Plasma Chemistry and Plasma Processing, Vol.35, No.1, 247-257, 2015
Pulsed Plasma Assisted Growth of Vertically Aligned Carbon Nanotubes at Low Temperature on Mo Substrate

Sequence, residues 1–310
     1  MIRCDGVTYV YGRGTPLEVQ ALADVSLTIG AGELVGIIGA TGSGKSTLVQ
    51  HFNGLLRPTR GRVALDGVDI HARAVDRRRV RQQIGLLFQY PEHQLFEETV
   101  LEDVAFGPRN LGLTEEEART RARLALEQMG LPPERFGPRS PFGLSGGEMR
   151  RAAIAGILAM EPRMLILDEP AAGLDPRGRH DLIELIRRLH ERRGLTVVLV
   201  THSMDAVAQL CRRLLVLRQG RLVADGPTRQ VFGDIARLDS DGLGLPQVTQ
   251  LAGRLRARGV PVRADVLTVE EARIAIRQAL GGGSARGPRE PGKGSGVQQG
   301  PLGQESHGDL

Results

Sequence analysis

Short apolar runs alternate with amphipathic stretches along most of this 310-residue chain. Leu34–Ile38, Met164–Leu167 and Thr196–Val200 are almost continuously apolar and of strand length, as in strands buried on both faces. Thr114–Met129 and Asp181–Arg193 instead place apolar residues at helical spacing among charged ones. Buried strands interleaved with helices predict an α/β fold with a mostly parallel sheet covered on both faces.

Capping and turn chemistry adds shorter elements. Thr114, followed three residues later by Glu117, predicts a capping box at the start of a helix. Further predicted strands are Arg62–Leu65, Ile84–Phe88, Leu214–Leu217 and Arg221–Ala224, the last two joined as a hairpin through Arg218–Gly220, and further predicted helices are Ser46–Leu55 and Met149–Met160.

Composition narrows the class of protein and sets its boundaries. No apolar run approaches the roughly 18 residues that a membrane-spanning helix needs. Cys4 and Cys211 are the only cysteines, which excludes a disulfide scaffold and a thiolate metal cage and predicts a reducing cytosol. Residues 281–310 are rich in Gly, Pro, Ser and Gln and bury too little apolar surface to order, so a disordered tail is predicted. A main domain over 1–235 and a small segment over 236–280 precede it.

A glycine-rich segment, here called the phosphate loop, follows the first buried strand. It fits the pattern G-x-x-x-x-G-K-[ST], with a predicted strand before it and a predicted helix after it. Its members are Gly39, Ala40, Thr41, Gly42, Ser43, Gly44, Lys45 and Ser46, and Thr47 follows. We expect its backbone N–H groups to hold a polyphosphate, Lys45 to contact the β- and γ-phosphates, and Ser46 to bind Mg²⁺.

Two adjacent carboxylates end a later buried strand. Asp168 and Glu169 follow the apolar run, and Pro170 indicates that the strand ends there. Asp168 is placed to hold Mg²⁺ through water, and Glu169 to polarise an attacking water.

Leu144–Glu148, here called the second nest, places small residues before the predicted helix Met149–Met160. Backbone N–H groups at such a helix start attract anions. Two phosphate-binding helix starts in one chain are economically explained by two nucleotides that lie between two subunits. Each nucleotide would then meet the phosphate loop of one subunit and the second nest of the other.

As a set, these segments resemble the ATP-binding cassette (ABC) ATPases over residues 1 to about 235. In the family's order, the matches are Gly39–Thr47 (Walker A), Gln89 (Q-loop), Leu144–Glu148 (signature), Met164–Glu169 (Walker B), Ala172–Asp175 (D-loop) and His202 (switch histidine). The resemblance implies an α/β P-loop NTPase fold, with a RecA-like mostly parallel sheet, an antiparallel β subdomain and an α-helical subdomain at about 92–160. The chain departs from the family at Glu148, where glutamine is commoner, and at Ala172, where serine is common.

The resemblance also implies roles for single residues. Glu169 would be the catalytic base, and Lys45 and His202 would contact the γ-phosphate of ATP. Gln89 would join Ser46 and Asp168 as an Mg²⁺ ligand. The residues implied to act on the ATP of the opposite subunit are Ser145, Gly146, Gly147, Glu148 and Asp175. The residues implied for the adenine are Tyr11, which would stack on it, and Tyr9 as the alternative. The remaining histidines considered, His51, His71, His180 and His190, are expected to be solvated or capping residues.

Aligned carbon nanotubes (CNTs)/carbon nanofibers (CNFs) are synthesized at temperatures of 350, 400 and 450 A degrees C using pulsed plasma enhanced chemical vapour deposition (Pulsed-PECVD) process. Ni catalyst film of thickness 10 nm is directly deposited on molybdenum (Mo) substrate and growth of CNT is performed at various temperatures. Pulsed-PECVD facilitates aligned CNT growth on Mo substrates at temperatures 400 and 450 A degrees C, whereas at 350 A degrees C the structure as obtained, are CNFs. A significant change is observed on the as grown CNTs/CNFs morphology with the catalyst film pre-treatment time and the growth temperature. Prolonged catalyst pre-treatment at 400-450 A degrees C leads to growth of deformed structure CNTs which is due to the accumulation of amorphous carbon. At low temperature of 350 A degrees C, longer CNFs are obtained for longer treatment time. The growth mechanism can be explained based on the wettability of Ni film on Mo substrate and solubility of carbon atoms during growth process. Using field emission scanning electron microscopy and high resolution transmission electron microscopy, dimension and structure as well as crystallinity of the samples are analyzed. At synthesis temperatures of 450 and 400 A degrees C, multiwall carbon nanotubes are grown which shows some degree of crystallinity, whereas at 350 A degrees C CNFs are obtained which is confirmed by HRTEM analysis and Raman spectroscopy characterization.